• It’s Prime time at Whole Foods: Amazon is rolling out discounts for Prime members at the organic grocer. The benefits start Wednesday at stores in Florida and will expand nationwide this summer. Prime members will get an additional 10 percent off sale items and exclusive deals on certain groceries. This week in Florida, for example, Prime members can get $2 off a pound of organic strawberries or save $10 a pound on wild halibut steaks. Amazon wouldn’t say if it plans to add the benefits to Whole Foods stores in Canada and the United Kingdom. Since it bought Whole Foods last year, Amazon.com Inc. has cut prices on some groceries, begun offering same-day delivery to Prime members in several cities and extended its 5 percent cash back Amazon rewards credit card to Whole Foods purchases. But turning its Prime membership into the Whole Foods loyalty program could drive more people to its stores. Amazon said last month that it had more than 100 million paid Prime members worldwide. That was before it announced it’s raising the price to $119 a year, up from $99. Prime members get fast shipping from Amazon.com and other perks, like access to its video streaming service.
  • The number of cases of sexually transmitted diseases in California reached a record high last year and officials are particularly concerned by a spike in stillbirths due to congenital syphilis, state health authorities said Monday. More than 300,000 cases of chlamydia, gonorrhea and syphilis were reported in 2017, a 45 percent increase from five years ago, according to data released by the California Department of Public Health. Chlamydia and gonorrhea are most common among people under 30, the report said. Rates of chlamydia are highest among young women, while men account for the majority of syphilis and gonorrhea cases. If left untreated, chlamydia and gonorrhea can lead to infertility, ectopic pregnancy and chronic pelvic pain. Syphilis can result in blindness, hearing loss and neurologic problems.
  • European intelligence chiefs warned Monday that Russia is actively seeking to undermine their democracies by disinformation, cyberattacks and more traditional means of espionage. The heads of Britain and Germany’s domestic intelligence agencies, as well as the European Union and NATO’s top security officials, pinpointed Moscow as the prime source of hybrid threats to Europe, citing attempts to manipulate elections, steal sensitive data and spark a coup in Montenegro. They also cited the chemical attack against a former Russian spy in Britain this year that Britain has blamed on Russia. “Our respect for Russia’s people cannot and must not stop us from calling out and pushing back on the Kremlin’s flagrant breaches of international rules,” the head of Britain’s MI5 spy agency, Andrew Parker, told an intelligence gathering in Berlin. Parker branded the attack on Sergei Skripal and his daughter in Salisbury an act of “criminal thuggery” that was swiftly followed by Russian attempts to divert blame. That resulted in at least 30 alternative theories about the attack being spread by Russian authorities and media. “Whatever nonsense they conjure up, the case is clear,” said Parker, adding there was no doubt about the origin of the attack against Skripal.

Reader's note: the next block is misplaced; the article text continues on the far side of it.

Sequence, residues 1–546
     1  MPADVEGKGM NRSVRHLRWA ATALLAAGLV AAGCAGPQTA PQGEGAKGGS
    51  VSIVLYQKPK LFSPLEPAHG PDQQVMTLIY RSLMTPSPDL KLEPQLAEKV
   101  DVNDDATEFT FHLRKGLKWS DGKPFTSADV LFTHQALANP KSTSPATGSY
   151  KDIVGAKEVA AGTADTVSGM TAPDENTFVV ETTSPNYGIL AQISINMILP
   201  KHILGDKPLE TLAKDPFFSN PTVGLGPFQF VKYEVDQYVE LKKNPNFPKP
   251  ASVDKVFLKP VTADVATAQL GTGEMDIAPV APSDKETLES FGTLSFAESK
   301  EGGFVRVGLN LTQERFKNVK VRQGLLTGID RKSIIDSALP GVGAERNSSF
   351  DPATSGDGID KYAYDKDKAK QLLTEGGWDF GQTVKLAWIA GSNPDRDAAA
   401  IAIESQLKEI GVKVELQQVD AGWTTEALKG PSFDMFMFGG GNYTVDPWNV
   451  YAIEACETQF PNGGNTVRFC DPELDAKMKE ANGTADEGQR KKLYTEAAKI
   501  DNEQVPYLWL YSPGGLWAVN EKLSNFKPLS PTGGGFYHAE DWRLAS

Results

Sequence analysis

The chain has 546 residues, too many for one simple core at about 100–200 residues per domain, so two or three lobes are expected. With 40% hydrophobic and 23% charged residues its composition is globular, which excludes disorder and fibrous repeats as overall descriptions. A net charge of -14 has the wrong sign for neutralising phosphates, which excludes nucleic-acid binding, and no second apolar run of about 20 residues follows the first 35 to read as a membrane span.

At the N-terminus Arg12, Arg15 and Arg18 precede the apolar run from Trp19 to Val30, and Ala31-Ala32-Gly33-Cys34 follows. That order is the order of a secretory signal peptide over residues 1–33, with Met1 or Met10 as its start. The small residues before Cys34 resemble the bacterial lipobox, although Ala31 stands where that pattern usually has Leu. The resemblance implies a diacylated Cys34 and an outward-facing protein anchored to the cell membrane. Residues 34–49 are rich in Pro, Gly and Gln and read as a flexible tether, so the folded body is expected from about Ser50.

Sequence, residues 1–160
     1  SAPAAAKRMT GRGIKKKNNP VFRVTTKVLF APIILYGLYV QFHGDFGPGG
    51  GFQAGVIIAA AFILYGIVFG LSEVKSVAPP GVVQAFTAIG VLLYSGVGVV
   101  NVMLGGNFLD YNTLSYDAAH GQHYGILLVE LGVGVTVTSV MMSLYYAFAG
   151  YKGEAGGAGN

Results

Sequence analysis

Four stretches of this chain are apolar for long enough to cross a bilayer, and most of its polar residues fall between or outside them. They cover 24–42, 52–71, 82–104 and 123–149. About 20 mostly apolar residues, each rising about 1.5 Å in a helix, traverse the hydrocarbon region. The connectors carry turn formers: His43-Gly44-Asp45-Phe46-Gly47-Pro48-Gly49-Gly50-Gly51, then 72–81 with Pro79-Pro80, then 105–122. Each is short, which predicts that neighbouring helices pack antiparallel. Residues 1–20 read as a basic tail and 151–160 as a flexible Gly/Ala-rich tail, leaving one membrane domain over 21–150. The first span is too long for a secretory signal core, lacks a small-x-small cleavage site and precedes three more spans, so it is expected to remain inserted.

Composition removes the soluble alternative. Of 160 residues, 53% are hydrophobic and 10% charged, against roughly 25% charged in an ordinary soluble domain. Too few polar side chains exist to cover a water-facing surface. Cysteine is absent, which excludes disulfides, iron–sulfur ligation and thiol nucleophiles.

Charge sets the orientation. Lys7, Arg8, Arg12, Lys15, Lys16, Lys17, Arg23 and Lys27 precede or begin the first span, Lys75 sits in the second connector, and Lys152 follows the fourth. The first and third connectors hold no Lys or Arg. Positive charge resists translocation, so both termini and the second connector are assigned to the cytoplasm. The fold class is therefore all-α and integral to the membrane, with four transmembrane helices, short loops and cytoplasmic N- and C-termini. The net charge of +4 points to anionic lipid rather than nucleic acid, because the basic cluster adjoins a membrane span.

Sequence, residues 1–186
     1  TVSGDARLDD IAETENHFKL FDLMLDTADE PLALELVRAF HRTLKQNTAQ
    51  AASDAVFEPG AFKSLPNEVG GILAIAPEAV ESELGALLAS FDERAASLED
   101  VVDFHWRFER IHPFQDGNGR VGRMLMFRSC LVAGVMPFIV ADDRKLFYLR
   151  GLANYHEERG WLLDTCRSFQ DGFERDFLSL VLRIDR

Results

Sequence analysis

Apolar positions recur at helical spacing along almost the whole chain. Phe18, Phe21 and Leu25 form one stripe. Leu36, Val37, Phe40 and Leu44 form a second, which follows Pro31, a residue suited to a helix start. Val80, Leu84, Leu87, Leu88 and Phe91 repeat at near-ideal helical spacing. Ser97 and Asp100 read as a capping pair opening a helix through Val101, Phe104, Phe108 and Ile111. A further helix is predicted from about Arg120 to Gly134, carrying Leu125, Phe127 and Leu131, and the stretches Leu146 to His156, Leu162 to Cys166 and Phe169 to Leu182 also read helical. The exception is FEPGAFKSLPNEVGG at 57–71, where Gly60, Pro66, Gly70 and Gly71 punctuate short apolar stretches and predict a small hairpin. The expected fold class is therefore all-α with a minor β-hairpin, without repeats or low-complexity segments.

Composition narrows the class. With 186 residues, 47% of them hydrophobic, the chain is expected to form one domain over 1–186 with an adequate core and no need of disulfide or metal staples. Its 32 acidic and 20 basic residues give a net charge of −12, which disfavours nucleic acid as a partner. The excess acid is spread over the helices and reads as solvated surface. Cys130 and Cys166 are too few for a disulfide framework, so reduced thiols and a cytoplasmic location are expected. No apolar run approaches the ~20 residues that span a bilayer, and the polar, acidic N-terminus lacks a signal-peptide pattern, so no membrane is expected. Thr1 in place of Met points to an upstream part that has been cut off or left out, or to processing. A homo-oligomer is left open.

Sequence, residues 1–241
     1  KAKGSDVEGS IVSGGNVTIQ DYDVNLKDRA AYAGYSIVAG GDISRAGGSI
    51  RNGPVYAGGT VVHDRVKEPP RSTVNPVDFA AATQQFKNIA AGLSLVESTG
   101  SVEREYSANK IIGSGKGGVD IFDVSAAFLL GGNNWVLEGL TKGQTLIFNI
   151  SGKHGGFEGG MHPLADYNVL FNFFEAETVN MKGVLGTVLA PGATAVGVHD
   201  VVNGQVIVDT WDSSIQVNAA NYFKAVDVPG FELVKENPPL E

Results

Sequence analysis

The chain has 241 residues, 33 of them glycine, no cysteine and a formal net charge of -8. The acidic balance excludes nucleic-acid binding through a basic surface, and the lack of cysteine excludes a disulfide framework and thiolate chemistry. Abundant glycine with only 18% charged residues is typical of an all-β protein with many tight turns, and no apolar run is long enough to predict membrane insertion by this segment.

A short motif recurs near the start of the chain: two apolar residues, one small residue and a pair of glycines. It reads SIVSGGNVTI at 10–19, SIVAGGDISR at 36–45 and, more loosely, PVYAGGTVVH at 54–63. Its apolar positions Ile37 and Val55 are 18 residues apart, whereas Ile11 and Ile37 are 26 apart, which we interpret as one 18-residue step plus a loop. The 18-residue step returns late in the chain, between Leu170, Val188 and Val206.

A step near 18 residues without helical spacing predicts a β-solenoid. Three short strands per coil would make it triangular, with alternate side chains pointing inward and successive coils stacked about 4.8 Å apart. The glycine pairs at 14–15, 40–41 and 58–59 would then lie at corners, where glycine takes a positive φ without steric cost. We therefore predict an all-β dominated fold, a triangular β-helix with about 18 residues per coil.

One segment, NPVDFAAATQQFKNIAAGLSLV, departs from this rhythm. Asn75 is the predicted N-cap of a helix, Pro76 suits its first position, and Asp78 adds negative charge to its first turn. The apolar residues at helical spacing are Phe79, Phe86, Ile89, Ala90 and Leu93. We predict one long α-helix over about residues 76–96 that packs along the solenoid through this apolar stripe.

• Nearly half of U.S. cancer doctors who responded to a survey say they’ve recently recommended medical marijuana to patients, although most say they don’t know enough about medicinal use. The results reflect how marijuana policy in some states has outpaced research, the study authors said. All 29 states with medical marijuana programs allow doctors to recommend it to cancer patients. But no rigorous studies in cancer patients exist. That leaves doctors to make assumptions from other research on similar prescription drugs, or in other types of patients. “The big takeaway is we need more research, plain and simple,” said Dr. Ilana Braun of Dana-Farber Cancer Institute in Boston, who led the study published Thursday in the Journal of Clinical Oncology. Patients want to know what their doctors think about using marijuana. In the new study, cancer doctors said their conversations about marijuana were almost always started by patients and their families, not by the doctors themselves.
  • Four more states are reporting illnesses in a food poisoning outbreak linked to romaine lettuce. The Centers for Disease Control and Prevention updated its numbers on the outbreak Wednesday, revealing that 149 people in 29 states had gotten sick. It’s unclear if new illness are still occurring. There’s a lag in reporting, and the most recent illness began two weeks ago. Florida, Minnesota, North Dakota and Texas have joined the list of states reporting at least one E. coli illness linked to the outbreak. At least 64 people have been hospitalized, including 17 with kidney failure. One death, previously reported, occurred in California. Health officials have tied the outbreak to romaine lettuce grown in Yuma, Arizona, which provides most of the romaine sold in the U.S. during the winter.
  • Glenn Schroeder

    KRMG Morning News Anchor

    Glenn is a self-described news and sports junkie. His passion for radio dates back to 1975. That's the year he got his first taste of life behind a microphone, handling play-by-play duties at his high school radio station. The University of Michigan graduate's circuitous journey to KRMG began at a very small radio station in Alamogordo, New Mexico. After stints at stations in Las Cruces, Mexico and Pueblo, Colorado, Glenn moved to Tulsa is 1991. It didn't take long for the Detroit native to realize that this is where he wanted to plant his roots. The Edward R. Murrow award winning journalist, who spent 10-years at KVOO, cites the Oklahoma City bombing as the most profound and difficult story he's ever covered. "The misery of those who lost loved one was deep and unrelenting. Yet, their strength and faith allowed our emotional scares to heal." Glenn's hobbies include running, gardening, Michigan football and NASCAR. "It's the only sport my wife enjoys." Glenn met Beth, the love of his life, in 1999. The two were married less than two years later.